The All Party Parliamentary Group for the Private Rented Sector is launching an inquiry into how to improve standards and how to regulate the private rented sector.
The inquiry follows the housing minister, Mark Prisk, telling the group in February that the Government’s key objectives for the sector was for it to be “bigger and better”.
The secretariat to the group is the Residential Landlords Association.
This latest inquiry will get under way as the ongoing inquiry by the cross-party committee at Communities and Local Government into the private rented sector enters what are due to be its final stages.
Evidence for the new inquiry is being invited from all interested parties about how standards in the sector could be raised and what is the optimum level and form of regulation. A report will be produced with recommendations being made to ministers.
As well as written submissions, meetings will hear from invited experts, with the first session taking place on May 14 when members of the group will have the opportunity to question witnesses on improving safety in the private rented sector. This follows the release of figures in the English Housing Survey for 2011/12 reporting that 21% of properties in the sector have at least one safety hazard.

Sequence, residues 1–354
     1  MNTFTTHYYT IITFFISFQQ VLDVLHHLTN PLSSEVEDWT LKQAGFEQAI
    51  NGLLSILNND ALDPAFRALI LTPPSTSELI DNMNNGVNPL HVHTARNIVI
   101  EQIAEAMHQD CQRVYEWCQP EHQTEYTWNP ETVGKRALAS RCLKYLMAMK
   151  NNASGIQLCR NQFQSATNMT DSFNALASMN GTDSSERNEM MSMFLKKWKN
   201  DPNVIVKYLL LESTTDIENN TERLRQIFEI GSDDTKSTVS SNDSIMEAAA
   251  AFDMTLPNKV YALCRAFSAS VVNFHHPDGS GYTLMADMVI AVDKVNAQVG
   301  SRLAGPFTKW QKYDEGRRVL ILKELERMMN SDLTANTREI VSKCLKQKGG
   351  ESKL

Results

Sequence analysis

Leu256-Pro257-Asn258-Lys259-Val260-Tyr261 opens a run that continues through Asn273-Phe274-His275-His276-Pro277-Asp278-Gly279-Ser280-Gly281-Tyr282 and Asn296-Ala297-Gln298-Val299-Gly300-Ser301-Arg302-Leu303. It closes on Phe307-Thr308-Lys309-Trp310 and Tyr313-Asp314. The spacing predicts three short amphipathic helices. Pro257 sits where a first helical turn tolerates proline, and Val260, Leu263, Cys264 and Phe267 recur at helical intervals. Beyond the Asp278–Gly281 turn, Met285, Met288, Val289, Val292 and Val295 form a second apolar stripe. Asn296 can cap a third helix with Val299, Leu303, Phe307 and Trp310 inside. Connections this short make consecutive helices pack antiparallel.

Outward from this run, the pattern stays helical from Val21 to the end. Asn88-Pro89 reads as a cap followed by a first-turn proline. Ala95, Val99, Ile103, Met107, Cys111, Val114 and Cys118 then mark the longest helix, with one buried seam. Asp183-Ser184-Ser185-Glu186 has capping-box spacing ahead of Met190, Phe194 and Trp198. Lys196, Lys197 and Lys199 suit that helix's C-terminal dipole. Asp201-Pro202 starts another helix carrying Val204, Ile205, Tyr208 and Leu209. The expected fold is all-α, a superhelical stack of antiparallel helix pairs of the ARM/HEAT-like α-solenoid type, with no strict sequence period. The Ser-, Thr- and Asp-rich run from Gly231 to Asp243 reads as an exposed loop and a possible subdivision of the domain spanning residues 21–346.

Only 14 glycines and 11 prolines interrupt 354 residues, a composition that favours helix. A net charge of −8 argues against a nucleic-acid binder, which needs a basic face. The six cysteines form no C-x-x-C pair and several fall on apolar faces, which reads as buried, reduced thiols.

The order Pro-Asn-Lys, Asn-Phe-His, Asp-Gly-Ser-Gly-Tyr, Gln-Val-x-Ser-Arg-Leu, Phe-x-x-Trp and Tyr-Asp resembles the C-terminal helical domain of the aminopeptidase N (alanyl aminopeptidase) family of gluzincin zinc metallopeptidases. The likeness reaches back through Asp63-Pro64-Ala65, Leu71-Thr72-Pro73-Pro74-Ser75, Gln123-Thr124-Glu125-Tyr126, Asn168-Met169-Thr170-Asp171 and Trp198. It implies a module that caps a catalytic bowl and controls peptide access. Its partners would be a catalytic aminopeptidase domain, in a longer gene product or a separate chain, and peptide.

Announcing the inquiry, chairman Martin Vickers, MP for Cleethorpes, said: “All the official figures show that the private rented sector is now the only housing tenure growing. Whilst good news for those in need of a home as well as supporting economic growth, this increase in the size of the sector needs to be sustainable.
“Growth of this kind naturally increases choice for tenants who may then be able to avoid poor-quality stock.
“This inquiry, however, will assess how to ensure that this is matched by measures that improve safety in the sector as well as securing a regulatory system that supports growth, whilst rooting out the minority of landlords who bring the sector into disrepute and cause misery for tenants.
“I would encourage all those with an interest to have their say.”
Those with an interest in these subjects are invited to provide written submissions of no more than 1,500 words by May 1 to Ed Jacobs by emailing email@example.com